Species-specific inhibition of antiviral protein kinase R by capripoxviruses and vaccinia virus

Chorong Park, Chen Peng, Greg Brennan, Stefan Rothenburg

Research output: Contribution to journalArticlepeer-review

7 Scopus citations


Double-stranded RNA-activated protein kinase R (PKR) is an important and rapidly evolving antiviral kinase. Most poxviruses contain two distinct PKR inhibitors, called E3 and K3 in vaccinia virus (VACV), the prototypic orthopoxvirus. E3 prevents PKR homodimerization by binding double-stranded RNA, while K3 acts as a pseudosubstrate inhibitor by binding directly to activated PKR and thereby inhibiting interaction with its substrate eIF2α. In our study here, we analyzed E3 and K3 orthologs from the phylogenetically distinct capripoxviruses (CaPVs), which include lumpy skin disease virus, sheeppox virus, and goatpox virus. Whereas the sheeppox virus E3 ortholog did not substantially inhibit PKR, all three CaPV K3 orthologs showed species-specific inhibition of PKR, with strong inhibition of sheep, goat, and human PKR but only weak inhibition of cow and mouse PKR. In contrast, VACV K3 strongly inhibited cow and mouse PKR but not sheep, goat, or human PKR. Infection of cell lines from the respective species with engineered VACV strains that contained different K3 orthologs showed a good correlation of PKR inhibition with virus replication and eIF2α phosphorylation. Our results show that K3 orthologs can have dramatically different effects on PKR of different species and indicate that effective PKR inhibition by K3 orthologs is crucial for virus replication.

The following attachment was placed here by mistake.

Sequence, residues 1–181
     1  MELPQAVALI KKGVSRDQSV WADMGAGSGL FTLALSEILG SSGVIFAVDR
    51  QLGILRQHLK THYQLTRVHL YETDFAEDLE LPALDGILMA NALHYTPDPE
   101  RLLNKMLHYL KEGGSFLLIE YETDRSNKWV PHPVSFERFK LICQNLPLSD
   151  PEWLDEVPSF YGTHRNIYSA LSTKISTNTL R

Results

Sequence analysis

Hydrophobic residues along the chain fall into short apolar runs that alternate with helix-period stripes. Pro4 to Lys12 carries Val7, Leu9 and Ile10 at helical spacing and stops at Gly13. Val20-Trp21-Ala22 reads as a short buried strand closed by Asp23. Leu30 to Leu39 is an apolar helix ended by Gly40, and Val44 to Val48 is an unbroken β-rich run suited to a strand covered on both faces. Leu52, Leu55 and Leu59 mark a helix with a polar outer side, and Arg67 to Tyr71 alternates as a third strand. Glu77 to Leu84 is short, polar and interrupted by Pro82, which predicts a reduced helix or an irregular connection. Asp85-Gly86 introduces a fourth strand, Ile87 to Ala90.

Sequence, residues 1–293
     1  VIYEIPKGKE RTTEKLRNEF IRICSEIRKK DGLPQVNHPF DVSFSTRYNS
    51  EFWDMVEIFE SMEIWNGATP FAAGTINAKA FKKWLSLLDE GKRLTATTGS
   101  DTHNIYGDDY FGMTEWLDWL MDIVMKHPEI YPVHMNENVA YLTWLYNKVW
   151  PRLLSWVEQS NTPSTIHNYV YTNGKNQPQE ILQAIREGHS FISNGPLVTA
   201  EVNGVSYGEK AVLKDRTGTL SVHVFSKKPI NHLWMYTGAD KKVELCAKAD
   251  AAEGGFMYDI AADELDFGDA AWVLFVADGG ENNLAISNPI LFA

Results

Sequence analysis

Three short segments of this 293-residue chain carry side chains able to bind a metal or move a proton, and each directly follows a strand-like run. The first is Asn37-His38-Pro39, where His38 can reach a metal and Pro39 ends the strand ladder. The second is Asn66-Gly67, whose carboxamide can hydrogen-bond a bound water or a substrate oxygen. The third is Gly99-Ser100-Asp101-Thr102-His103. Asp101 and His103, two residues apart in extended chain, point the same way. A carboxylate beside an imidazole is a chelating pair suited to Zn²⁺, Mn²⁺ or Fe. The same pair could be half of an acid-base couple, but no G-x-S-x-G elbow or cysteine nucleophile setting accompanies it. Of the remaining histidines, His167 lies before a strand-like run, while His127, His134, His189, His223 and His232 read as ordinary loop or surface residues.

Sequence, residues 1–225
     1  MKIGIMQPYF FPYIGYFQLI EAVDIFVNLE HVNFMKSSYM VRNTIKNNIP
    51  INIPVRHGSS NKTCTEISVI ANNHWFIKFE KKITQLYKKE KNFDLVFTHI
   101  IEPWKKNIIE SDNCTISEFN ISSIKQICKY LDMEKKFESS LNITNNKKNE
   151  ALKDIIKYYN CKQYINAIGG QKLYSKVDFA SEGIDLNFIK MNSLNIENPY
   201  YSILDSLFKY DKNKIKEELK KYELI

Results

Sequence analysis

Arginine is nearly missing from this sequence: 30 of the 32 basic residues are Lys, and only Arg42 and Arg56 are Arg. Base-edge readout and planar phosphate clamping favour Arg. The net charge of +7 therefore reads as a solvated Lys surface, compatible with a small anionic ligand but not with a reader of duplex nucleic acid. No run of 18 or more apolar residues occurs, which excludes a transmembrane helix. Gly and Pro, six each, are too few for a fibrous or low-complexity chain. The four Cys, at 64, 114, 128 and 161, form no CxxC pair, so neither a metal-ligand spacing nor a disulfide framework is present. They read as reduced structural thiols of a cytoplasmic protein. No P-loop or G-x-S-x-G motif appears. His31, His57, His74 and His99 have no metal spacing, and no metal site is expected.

Original languageEnglish (US)
JournalAnnals of the New York Academy of Sciences
StateAccepted/In press - Jan 1 2019


  • capripoxviruses
  • host–pathogen interactions
  • PKR
  • poxvirus
  • translational regulation
  • vaccinia virus

ASJC Scopus subject areas

  • Neuroscience(all)
  • Biochemistry, Genetics and Molecular Biology(all)
  • History and Philosophy of Science


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